As the Vikings became part of the urban society in England, so did the farmers and settlers in the more rural regions. They began to become anglicised, adopting English as their language and setting aside paganism for the Christian religion. Even though they had begun to integrate themselves into society the Vikings were still an unwelcome presence to many.

In 886 Alfred led an army into London to rebuild its city walls. The English now saw Alfred as their king; he made laws and restored monasteries, and for his achievements he was granted the nickname "The Great".

The peace between the Saxons and the Vikings did not last long, and in 890 Viking sea raids began again. The farmers that had settled in England joined these raiders in the hope of gaining some more land from the West Saxons, but Alfred and his troops fought them off.

Fighting continued after Alfred's death in 899, but now the English had the upper hand and Alfred's son Edward the Elder was able to take control of Danelaw, although York continued to have Viking kings until 954. In 924 Edward's son Athelstan became king, and in 937 he was victorious at the Battle of Brunanburh against an army of Vikings, Scots and Strathclyde Britons. Athelstan then became the first king to command loyalty from all of Britain. As a ruler he was interested in government, and ordered that coins should be used throughout the land and that burhs would become the centres of local government, where an ealdorman in each would rule in the king's name.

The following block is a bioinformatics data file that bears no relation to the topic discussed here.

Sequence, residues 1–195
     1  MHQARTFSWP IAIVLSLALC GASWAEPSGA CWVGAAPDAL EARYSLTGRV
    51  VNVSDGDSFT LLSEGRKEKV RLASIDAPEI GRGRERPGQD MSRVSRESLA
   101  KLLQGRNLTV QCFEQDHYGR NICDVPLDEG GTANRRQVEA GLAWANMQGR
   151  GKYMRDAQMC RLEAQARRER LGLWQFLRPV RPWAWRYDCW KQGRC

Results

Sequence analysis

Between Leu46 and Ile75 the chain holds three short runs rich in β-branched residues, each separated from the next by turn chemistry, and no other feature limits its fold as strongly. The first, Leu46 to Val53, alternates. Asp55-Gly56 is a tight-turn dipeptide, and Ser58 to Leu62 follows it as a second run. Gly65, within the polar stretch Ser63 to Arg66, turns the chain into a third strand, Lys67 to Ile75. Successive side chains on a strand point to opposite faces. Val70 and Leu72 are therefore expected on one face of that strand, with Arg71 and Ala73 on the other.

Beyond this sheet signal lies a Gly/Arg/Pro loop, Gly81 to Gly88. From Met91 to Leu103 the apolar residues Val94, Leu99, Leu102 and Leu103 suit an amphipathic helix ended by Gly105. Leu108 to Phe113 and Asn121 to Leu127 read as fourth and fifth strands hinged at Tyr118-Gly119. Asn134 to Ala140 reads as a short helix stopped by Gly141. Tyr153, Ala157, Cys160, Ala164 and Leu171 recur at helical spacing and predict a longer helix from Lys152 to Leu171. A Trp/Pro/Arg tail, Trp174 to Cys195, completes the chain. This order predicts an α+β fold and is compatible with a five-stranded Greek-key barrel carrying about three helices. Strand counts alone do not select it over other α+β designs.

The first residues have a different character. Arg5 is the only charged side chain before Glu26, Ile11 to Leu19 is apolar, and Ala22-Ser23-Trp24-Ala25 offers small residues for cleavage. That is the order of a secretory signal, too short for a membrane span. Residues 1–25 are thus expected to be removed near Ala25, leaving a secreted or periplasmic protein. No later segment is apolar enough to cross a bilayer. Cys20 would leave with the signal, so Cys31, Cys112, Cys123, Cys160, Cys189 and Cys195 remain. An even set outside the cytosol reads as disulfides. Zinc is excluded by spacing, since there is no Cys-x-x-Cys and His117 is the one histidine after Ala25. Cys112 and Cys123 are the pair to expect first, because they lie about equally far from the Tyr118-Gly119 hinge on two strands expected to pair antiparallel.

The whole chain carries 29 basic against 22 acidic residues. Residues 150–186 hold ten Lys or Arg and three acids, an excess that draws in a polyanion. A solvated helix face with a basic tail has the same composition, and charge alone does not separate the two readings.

After Athelstan's death in 939 his successors, Edmund and Edgar, had to deal with new Viking raids and the Vikings were able to gain in power. York once again fell to the Danes. In 954 King Edred (English) invaded Northumbria and drove out the Viking leader Eric Bloodaxe, who was later killed. From this date England became permanently and formally unified.

Edred was now able to rule over a unified England with a more centralised government. This was not to be the last of the Viking attacks, as the English king Æthelred the Unready was soon to find his kingdom under attack from all sides. He failed to fight off the Danes because of his inability to unite the English for battle. Æthelred tried to buy the Vikings off, and then he tried to bribe Danish soldiers to fight for him with the promise of land. They demanded more and so Æthelred ordered a massacre of Danes living in England.